Trading Dolls with Cameras - Video Workshop with Circa

by Enrico Aditjondro August 12, 2013
"There's always a first time," said the Circa HandMade gang. "When sewing machines are being replaced with video cameras, we get the opportunity to look and appreciate the details of our work."

benangOn June 15-16, EngageMedia teamed up with a group of educators from the Jakarta State University to have a working holiday in Bandung. The cool and fresh air was the holiday, while the working part was doing a video training with a group called Circa HandMade in the village of Cihanjuang, Bandung (West Java).

bonekaCirca was founded by long time creative campaigner named Ukke Kosasih. Several years ago, Ukke, a former staff at The Body Shop, came up with an idea to empower marginalised women by offering them sewing machines.

So, after crossing the Jakarta traffic and into the Bandung traffic, the team of trainers arrived in Cihanjuang on Friday, June 14 evening. A nice cool sleep before the two full training days.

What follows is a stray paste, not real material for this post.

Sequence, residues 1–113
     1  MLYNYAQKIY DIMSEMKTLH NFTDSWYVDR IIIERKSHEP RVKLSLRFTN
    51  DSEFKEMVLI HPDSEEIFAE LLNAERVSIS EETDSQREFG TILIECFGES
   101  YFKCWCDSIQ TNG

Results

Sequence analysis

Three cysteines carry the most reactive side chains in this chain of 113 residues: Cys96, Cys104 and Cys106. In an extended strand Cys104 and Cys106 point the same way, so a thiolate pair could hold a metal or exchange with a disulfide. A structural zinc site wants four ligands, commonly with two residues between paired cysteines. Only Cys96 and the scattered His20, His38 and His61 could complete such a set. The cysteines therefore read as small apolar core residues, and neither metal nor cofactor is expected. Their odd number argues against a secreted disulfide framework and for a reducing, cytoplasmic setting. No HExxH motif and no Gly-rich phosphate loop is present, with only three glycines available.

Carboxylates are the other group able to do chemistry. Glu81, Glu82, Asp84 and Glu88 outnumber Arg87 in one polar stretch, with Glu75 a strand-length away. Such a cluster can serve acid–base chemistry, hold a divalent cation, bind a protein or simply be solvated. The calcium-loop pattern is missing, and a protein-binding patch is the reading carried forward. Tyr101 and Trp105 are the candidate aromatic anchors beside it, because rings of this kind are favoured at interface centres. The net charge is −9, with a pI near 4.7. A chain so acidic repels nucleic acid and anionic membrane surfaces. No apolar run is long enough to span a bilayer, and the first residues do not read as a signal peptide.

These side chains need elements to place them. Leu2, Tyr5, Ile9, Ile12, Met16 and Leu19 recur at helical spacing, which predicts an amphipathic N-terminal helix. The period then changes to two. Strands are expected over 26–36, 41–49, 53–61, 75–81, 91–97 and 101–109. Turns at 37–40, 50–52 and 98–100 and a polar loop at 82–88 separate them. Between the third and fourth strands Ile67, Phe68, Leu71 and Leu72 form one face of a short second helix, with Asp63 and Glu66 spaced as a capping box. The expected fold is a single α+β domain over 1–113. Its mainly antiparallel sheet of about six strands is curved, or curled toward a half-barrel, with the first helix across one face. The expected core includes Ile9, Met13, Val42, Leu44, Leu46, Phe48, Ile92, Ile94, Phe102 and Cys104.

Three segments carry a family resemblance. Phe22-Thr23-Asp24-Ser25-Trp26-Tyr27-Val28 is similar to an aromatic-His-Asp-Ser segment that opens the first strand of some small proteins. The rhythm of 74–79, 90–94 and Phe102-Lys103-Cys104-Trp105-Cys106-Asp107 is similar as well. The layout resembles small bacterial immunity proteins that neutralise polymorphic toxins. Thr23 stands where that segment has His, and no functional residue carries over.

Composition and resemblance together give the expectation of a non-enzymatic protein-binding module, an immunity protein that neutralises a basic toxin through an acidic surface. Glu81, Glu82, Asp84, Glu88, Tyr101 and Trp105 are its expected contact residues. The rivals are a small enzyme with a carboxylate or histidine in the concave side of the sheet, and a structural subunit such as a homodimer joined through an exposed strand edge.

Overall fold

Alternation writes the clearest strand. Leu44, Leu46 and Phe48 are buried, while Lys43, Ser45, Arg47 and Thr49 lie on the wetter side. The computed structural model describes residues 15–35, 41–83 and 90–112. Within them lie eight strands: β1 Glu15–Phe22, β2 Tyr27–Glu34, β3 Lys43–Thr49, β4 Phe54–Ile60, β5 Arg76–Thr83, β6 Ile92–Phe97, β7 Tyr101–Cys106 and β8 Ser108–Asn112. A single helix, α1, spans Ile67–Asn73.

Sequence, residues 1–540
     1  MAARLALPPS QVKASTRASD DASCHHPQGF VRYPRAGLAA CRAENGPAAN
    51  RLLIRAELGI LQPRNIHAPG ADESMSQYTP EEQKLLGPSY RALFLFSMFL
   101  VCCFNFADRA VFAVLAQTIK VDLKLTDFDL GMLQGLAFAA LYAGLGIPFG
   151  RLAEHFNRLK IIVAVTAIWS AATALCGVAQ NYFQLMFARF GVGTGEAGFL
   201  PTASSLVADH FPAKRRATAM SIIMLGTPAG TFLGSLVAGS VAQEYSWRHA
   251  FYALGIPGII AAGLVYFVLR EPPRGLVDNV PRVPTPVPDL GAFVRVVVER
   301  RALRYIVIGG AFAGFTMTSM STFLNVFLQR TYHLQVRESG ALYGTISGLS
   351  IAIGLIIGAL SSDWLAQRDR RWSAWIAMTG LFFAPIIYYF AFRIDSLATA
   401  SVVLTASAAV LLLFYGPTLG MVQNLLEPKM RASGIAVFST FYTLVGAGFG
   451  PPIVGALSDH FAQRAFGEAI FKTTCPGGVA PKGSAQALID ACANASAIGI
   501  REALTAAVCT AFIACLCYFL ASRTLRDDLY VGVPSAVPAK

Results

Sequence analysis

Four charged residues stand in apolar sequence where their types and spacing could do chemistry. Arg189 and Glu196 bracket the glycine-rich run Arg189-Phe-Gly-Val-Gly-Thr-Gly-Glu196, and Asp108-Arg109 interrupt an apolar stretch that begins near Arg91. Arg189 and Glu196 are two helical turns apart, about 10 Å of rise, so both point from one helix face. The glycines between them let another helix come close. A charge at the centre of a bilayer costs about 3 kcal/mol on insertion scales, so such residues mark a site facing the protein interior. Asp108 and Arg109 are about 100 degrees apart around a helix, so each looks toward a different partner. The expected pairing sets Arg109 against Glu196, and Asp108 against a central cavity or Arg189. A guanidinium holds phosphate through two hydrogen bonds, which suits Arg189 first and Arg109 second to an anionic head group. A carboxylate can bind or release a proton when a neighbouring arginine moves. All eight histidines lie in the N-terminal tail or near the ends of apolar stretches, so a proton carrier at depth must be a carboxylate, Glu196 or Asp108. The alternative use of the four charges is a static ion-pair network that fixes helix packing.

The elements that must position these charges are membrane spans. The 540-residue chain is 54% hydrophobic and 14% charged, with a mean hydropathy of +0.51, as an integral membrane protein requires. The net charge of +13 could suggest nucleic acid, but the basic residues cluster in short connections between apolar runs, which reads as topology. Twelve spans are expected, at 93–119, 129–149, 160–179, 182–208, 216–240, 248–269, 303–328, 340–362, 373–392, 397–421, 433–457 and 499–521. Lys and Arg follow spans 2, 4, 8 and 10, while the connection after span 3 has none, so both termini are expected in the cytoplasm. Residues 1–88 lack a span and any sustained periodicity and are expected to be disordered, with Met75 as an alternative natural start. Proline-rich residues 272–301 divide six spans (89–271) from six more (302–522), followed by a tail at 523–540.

The next morning, we were awoken by a loud blast of dangdut music from a nearby mosque. They were having an event. First challenge of the day - how to record scenes without too much of those dancing noises!

participantsThe workshop students arrived around 8am. There were 10 of them. All women but one guy (well, two guys including myself). The students were all doll makers. The oldest student was Teh Ita, the older sister of Mbak Ukke, and also the co-founder of Circa. The youngest was Iim, 15 years old. The only guy in the team, Aep, was Circa's doll clothes designer.

needleFor the next two days, the workshop went on to share stories, practice operating cameras, write scripts and eat a lot of Sundanese food. In the end, the workshop finished with six videos with stories around the students' work in Circa. I offered to call the video series 'If the Dolls Could Talk', but they thought it was too scary (read: Chucky in Child's Play) and came out with 'Cerita Di Balik Boneka Circa' (Stories Behind the Circa Dolls).

dolls trainersBefore we went home, each trainer was given a doll. I was also given a boy doll. I forgot its name but I called him 'Poa' now. Poa now guards my books.

A day after we left Bandung, all the workshop students shared their experience with other workers who were not able to participate since they had to take care of their children (and husbands, apparently) over the weekend. They said they want to make more and better videos.